Women Ecclesiastics - lesser clergy Foreigners (including Barbarians) Ecclesiastics - monks/nuns/hermits

Cult Activities - Relics

Ampullae, eulogiai, tokens

Source

Egeria's work survives in a single eleventh-century manuscript, copied probably at Monte Cassino, which lacks both its opening and its close (where she might have told us something about herself). Consequently even her name is a little uncertain, though she was almost certainly 'the most blessed Egeria', whose dedication and devotion on pilgrimage was praised in a letter written in the mid-seventh century by Valerius of Bierzo (or Vierzo, near Léon in north-west Spain). She was unquestionably a woman of some means (given her ability to travel for several years) and she belonged to an association or community of religious women, since her work takes the form of a letter to these women sent from Constantinople during her journey home, and since she addresses them periodically throughout her account: in Itinerary 3.8, for instance, she asks these dominae venerabiles sorores, 'ladies, venerable sisters', to pay particular attention to her description of Mount Sinai. Exactly where she travelled from is unknown, though it was certainly somewhere on the Atlantic Ocean in the far west of Europe: in 18.3 she compares the flow and size of the Euphrates with the Rhône, which she presumably crossed on her journey; in 19.5 she was greeted by the bishop of Edessa as having journeyed de extremis porro terris, 'from the far ends of the earth'; and Valerius of Bierzo (who was certainly better informed than us) describes her as extremo occidui maris Oceani litore exorta, 'coming from the Ocean's western shore' (Gracia 1910, 393-394). It is therefore certain that she came from the western seaboard of the Atlantic; probably from Galicia, since Valerius was from near Galicia and he is likely to have selected her to write about because he saw her as a compatriot. Her work is a detailed, and highly informative, account of her pilgrimage, and it is a great pity that much of it is lost - what survives opens, in mid-sentence, with an account of her visit to the holy sites of Sinai and on to the Egyptian delta, but she tells us that this was her second visit to Egypt (and that on her first visit she had travelled as far south as the Thebaid and as far west as Alexandria), and she had certainly already spent much time in the Holy Land. After reaching Egypt, she headed back to Jerusalem, and from there made two journeys out: the first eastwards to the Jordan and Mount Nebo; the second a long journey up the Jordan valley to Lake Tiberias (the Sea of Galilee), before striking East to Carneas, to visit the grave of the Old Testament patriarch Job. Some time after returning to Jerusalem from this second expedition, 'since it was already three full years since my arrival in Jerusalem, and I had seen all the places which were the object of my pilgrimage' (Itinerary 17.1, Wilkinson 1999, 113), Egeria started for home, but from Antioch took a long detour eastwards into Mesopotamia, to Edessa and Carrhae. Returning to Antioch, she then crossed Asia Minor to Chalcedon (but not before again detouring, to Seleucia and the shrine of Thecla), and so to Constantinople, from which she despatched the account of her travels. Although heading home, she still planned to visit Ephesus and the shrine of John the Apostle and Evangelist at Ephesus. Although much of Egeria's text is missing, it was available in the early twelfth century to Peter the Deacon, a monk at Monte Cassino, when he compiled a work about the Holy Land, and, from Peter's text it is possible reconstruct the parts of her journey that are now lost (see Franceschini and Weber 1965, 93-103; Wilkinson 1999, 179-210). Egeria, whose enthusiasm and energy appear to have been boundless, visited mostly biblical sites, but she was also interested in monasteries and martyr shrines (for instance detouring to visit Thecla's at Seleucia). The second part of her Itinerary contains a description of the Easter liturgy in Jerusalem (which has no references to the cult of saints). Thanks to the places, persons, and buildings which are mentioned by her, her travels can be dated with some confidence to the two last decades of the 4th century. A more exact dating, generally accepted, is based on the observation by Devos (1967) that 384 was the only year in this period in which it was possible to arrive in Carrhae (in Mesopotamia) for the feast of St Helpidius (23 April) having spent Easter in Jerusalem, which Egeria tells us she did on the first leg of her journey home (having already told us that she had spent three years in the Holy Land). As with all the pilgrim texts from the Holy Land, it has been difficult to decide what to include, and what to exclude from our database, focused as it is on the 'cult of saints'. We have necessarily excluded the vast number of sites associated exclusively with the life and miracles of Jesus, and have, of course, included all obvious references to cult sites of Christian saints: their graves, churches, and references to important places in their lives, such as their place of martyrdom. A problem, however, arises when our pilgrims write about sites associated with figures from the Old Testament, since in time many of these certainly acquired Christian cult, but it is generally impossible to tell whether our pilgrims regarded these figures as saints in the Christian tradition, whose power and aid they might invoke, or whether they record the holy sites associated with them through a broader and looser biblical curiosity and veneration. The compromise position we have taken with regard to these Old Testament figures is to include all references to places associated with them where our Christian writers record miraculous occurrences or where there was a church or oratory, and also all references to their graves (though with these latter there is often no explicit reference to Christian cult).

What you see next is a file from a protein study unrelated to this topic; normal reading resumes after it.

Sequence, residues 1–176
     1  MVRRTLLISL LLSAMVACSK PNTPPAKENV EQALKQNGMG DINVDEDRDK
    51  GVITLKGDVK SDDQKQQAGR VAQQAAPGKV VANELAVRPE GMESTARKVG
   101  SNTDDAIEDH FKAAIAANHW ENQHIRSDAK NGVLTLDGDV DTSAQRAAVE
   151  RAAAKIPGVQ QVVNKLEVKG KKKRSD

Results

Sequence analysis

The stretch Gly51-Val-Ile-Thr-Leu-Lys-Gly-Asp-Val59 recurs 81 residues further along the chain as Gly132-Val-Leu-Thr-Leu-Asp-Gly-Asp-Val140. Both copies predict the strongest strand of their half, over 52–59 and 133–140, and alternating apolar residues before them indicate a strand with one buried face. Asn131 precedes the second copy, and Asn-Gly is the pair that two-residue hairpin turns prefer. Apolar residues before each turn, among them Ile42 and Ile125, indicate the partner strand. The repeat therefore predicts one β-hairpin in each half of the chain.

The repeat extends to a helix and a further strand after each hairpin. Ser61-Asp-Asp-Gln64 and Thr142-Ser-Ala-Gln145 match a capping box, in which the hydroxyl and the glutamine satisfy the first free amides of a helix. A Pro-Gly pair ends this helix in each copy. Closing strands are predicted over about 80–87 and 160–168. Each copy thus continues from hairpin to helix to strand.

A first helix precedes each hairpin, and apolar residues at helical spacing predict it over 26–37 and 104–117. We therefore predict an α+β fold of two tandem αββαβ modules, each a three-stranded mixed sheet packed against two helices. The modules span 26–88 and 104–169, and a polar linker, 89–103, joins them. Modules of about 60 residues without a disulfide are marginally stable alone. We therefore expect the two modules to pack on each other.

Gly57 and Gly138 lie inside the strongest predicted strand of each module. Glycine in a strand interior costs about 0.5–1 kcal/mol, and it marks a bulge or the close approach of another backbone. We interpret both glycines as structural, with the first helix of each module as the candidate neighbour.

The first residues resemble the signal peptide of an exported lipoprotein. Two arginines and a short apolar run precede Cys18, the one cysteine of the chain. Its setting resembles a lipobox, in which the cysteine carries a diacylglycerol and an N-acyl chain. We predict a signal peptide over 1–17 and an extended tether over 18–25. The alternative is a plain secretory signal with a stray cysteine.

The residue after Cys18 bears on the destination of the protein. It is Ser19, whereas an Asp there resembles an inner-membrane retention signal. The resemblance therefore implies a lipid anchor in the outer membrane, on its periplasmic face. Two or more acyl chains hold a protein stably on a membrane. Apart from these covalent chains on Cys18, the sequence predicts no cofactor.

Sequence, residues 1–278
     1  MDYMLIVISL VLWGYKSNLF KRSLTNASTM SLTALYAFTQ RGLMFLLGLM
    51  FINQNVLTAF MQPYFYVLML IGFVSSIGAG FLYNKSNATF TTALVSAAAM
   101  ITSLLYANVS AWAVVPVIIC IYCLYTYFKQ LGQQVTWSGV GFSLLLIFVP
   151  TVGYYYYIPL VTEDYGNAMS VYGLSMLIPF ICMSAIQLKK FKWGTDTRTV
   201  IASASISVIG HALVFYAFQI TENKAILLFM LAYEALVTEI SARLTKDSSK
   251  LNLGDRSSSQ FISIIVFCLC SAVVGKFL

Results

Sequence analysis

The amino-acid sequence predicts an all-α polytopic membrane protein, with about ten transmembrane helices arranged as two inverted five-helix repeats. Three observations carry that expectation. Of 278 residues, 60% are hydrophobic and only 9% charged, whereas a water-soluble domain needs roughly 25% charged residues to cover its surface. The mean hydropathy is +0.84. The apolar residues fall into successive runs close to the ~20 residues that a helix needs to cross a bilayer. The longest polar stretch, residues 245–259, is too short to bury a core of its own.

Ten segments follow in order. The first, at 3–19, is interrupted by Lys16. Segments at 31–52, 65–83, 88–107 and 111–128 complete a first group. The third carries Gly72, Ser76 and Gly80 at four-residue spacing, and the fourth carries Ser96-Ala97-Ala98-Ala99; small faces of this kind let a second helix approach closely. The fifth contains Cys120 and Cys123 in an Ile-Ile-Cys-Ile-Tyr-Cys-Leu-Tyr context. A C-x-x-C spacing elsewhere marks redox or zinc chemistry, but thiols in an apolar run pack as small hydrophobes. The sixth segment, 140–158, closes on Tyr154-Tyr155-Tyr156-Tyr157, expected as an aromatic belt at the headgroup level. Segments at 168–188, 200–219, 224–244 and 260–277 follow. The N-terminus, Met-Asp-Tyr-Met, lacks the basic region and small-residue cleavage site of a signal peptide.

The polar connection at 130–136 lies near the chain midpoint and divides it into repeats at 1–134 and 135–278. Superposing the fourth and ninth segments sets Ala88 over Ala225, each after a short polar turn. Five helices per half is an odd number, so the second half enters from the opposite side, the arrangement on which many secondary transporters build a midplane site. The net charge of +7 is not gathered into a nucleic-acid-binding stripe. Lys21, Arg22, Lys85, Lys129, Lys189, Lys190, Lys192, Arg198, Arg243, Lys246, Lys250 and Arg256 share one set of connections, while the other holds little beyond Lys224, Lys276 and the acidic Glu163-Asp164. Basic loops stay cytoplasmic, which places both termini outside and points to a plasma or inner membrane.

Discussion

From the context it is clear that the monks travelling here to wash, were doing so for ritual, not functional, reasons.

Bibliography

Text: Franceschini, A. and Weber, R. (ed.), Itinerarium Egeriae, in Itineraria et alia geographica (Corpus Chistianorum, series Latina 175; Turnholti: Typographi Brepols editores pontificii, 1965), 27-90. Text, French translation and commentary: Maraval, P., Égérie: Journal de Voyage (Itinéraire), Sources Chrétiennes 296 (Paris: Les éditions du cerf, 1982). English translation and commentary: J. Wilkinson, Egeria's Travels (Liverpool: Liverpool University Press, 3rd edition, 1999). Dating: Devos, P., "La date du voyage d'Égérie", Analecta Bollandiana 85 (1967), 165-194. Hunt, E.D., "The date of the Itinerarium Egeriae", Studia Patristica 38 (Leuven: Peeters, 2001), 410-416. Further reading: Maraval, P., Lieux saints et pèlerinages d'Orient, (Paris: Les éditions du cerf, 1985).